Showing posts with label Cancer. Show all posts
Showing posts with label Cancer. Show all posts

Tuesday, December 17, 2013

Zach Sobiech - May 3, 1995 – May 20, 2013 part II

Back in May I wrote "Zach Sobiech - May 3, 1995 – May 20, 2013" about Zach Sobiech, a teenager who had found out that he had a rare bone cancer.

As Adam Mordecai, the guy who brought Zach so much attention, says himself, but it could be about any of us writing about Zach in the blogosphere:

"I'm sad I never got the opportunity to meet him. But 5,000 people who did know him got together to create a giant choir in the middle of the Mall of America. Then they sang his song, which debuted a year ago. The couple in the middle are his wonderful and supportive and brave parents. And I, once again, have become a weepy mess."

And here is the Celebrity Music Video of 'Clouds'

Got to go now, getting very dusty in here...


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Wednesday, May 22, 2013

Zach Sobiech - May 3, 1995 – May 20, 2013

You should watch this video.

It shows a true super-hero, a man who looks death in the face and says 'bring it on sucker'.

Fair seas and following seas young man, you have left an amazing, timeless, legacy.


Wednesday, October 17, 2012

I'm A Winner, Seriously!

Remember me telling you all about Larry Correia's new book back in October 2010? Or, more recently, about Monster Hunter Legion - Limited Signed Edition last month?

Well, then you'll understand why I am over the moon to hear that I am the winner of the Monster Hunter International prize mega package. I'm just blown away.Signed books, a poster and hopefully - and this is priceless - my name in Larry Correia's next book.

And The Winners Are...

The weird thing is that I am a tad cash strapped at the moment, what with having a 3 year old, a 1 year old and a wife at home - and no chance of a promotion or pay raise any time in the near future. So when I read of Jay's plan of raising money for a prostate cancer charity I thought 'nice idea, but I gave at the (tax) office'.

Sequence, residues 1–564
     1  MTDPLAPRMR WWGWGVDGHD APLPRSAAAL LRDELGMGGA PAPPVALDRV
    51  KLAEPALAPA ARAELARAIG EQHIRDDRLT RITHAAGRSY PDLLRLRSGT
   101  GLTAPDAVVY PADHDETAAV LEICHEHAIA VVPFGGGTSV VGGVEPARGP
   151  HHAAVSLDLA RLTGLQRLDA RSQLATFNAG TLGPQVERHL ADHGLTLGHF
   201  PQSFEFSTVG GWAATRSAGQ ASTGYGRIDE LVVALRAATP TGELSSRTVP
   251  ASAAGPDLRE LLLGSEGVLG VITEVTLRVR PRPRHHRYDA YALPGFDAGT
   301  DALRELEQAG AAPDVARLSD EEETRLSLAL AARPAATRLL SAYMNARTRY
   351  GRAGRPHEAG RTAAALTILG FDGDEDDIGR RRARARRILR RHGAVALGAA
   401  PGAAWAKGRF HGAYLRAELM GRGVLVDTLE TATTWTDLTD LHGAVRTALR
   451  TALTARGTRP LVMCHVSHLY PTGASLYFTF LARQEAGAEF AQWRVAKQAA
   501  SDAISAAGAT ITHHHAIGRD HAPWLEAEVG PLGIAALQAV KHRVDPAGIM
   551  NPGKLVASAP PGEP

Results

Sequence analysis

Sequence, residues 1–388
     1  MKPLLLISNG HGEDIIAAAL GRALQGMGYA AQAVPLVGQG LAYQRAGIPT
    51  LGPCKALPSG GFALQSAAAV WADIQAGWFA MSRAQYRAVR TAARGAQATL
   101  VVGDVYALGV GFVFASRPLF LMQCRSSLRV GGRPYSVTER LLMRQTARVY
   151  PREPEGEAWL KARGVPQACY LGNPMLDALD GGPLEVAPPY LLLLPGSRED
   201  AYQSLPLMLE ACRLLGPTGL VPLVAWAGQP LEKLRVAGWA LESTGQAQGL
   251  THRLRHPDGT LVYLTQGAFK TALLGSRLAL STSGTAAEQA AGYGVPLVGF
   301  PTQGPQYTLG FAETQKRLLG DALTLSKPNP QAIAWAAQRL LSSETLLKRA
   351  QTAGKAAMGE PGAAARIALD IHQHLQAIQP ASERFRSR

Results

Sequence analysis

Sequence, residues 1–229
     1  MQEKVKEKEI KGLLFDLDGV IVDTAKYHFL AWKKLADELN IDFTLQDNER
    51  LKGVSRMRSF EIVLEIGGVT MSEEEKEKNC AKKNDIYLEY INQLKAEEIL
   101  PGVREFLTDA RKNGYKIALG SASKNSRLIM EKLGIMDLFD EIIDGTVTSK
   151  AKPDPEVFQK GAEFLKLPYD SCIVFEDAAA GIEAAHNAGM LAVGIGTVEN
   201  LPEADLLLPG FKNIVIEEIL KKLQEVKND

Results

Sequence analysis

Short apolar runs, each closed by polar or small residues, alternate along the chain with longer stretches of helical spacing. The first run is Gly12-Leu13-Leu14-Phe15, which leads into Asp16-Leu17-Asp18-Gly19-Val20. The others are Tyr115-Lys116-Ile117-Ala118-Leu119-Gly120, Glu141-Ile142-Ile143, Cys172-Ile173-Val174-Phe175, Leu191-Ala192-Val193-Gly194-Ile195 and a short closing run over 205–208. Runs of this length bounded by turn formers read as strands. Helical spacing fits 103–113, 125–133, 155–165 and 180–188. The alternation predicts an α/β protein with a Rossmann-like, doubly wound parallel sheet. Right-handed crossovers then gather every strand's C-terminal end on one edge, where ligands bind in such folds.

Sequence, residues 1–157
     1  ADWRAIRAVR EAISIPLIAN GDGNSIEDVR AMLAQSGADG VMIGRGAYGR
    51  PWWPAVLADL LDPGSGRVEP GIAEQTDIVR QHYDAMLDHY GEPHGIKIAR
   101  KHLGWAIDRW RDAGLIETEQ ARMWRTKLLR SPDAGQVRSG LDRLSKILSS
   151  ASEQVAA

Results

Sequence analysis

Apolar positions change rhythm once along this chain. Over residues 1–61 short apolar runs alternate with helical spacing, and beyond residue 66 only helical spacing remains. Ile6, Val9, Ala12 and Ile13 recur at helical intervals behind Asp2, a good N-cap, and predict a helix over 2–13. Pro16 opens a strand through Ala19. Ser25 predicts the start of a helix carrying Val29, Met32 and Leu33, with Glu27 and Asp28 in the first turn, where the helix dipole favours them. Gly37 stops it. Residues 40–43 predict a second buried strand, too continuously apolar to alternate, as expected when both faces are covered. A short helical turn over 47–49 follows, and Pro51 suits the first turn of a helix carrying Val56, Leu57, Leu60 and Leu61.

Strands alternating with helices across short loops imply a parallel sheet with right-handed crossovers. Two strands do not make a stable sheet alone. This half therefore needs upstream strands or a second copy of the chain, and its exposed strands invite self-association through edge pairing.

JayG convincing people to sponsor him 

And then I remembered Jason Boas. A friend of mine from high school. We'd gone our separate ways after graduation but I'd been in touch with him here and there over the years and then in the last few months of his life he came to a hospice in my area for care. We were going to meet up but he was just too weak to even chat on the phone sometimes.Sadly, as I reported back then, Jason died in November 2008.

Its nearly November now, and I remember Jason at this time of year so I thought 'heck, I'll donate to this charity and even when I don't win, I'll feel happy about doing it'.

So I'm triply happy; to be able to give to a great charity, to win the mega prize and to be able to remember Jason and pass on to others the message of his charity - 'No Surrender'.

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Monday, November 23, 2009

Jason Boas 1974 - 2008

Jason Boas 1974 - 2008

My school friend Jason died from pancreatic cancer last November. Here is the charity he started. His legacy I guess - No Surrender. Click on the pictures to get to the websites.

The BBC story of how he battled can be seen here:

BBC NEWS | Health | 'Cancer at 33 is very lonely'

Music Week had this article about him:

Industry accountant and charity campaigner dies

The Sun wrote this about Jason:

Jason Pledged No Surrender on Cancer

Thinking of you buddy.

Monday, October 26, 2009

What a day!

On Saturday night we received the sad news that a friend of ours had passed away. She was in her late 30's and had been fighting cancer for a year and a half and we already knew that on Friday she'd been taken to hospital where they could help her with the pain.

As is the custom in Judaism she was buried as early as possible, this happened to be Sunday morning.

The saddest part of the whole thing, as if funerals weren't sad anyway, is that her 9 year old daughter was there. The daughter was obviously having a hard time but was being bolstered by the fact that there were over 200 people there, most of whom she recognized.

And then there was the service.

As the 9 year old came to see her mother she screamed and ran off. Her father followed her and slowly managed to cajole her back to the front of the congregation.

Our late friend's brother, sister and father spoke. If we weren't all in tears by then the bravery and maturity of her 9 year old daughter brought a salty drop to our eyes.

She spoke. In front of hundreds of people she spoke. She spoke of her loving mother who was beautiful and fun and the best Mum ever. She spoke about how she'd help her two sisters, aged 4 and 2 to not only grow up as good girls but also to remember their mother.

No-one mentioned that our friend was a hero for battling cancer, or was a world leader in something or that she was a beacon of light in a dark society. They just mentioned that she always smiled, was fun to be around and was a great mother.

I guess the truth hurts the most.

kthanxbai :-(